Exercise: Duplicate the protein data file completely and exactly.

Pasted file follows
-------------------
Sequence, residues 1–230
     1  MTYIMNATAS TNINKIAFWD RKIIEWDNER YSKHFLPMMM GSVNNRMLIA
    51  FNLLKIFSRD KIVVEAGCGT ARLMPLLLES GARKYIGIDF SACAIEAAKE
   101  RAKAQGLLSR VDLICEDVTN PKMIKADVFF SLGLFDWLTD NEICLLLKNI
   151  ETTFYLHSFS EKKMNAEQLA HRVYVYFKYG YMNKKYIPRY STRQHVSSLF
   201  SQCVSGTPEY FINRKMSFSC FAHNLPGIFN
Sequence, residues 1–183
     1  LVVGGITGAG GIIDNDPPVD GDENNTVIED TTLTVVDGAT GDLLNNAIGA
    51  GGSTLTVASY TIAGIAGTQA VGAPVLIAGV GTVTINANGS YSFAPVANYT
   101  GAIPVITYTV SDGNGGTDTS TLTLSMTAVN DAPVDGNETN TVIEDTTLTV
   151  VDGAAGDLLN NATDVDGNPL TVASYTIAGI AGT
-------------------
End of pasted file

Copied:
Sequence, residues 1–230
     1  MTYIMNATAS TNINKIAFWD RKIIEWDNER YSKHFLPMMM GSVNNRMLIA
    51  FNLLKIFSRD KIVVEAGCGT ARLMPLLLES GARKYIGIDF SACAIEAAKE
   101  RAKAQGLLSR VDLICEDVTN PKMIKADVFF SLGLFDWLTD NEICLLLKNI
   151  ETTFYLHSFS EKKMNAEQLA HRVYVYFKYG YMNKKYIPRY STRQHVSSLF
   201  SQCVSGTPEY FINRKMSFSC FAHNLPGIFN
Sequence, residues 1–183
     1  LVVGGITGAG GIIDNDPPVD GDENNTVIED TTLTVVDGAT GDLLNNAIGA
    51  GGSTLTVASY TIAGIAGTQA VGAPVLIAGV GTVTINANGS YSFAPVANYT
   101  GAIPVITYTV SDGNGGTDTS TLTLSMTAVN DAPVDGNETN TVIEDTTLTV
   151  VDGAAGDLLN NATDVDGNPL TVASYTIAGI AGT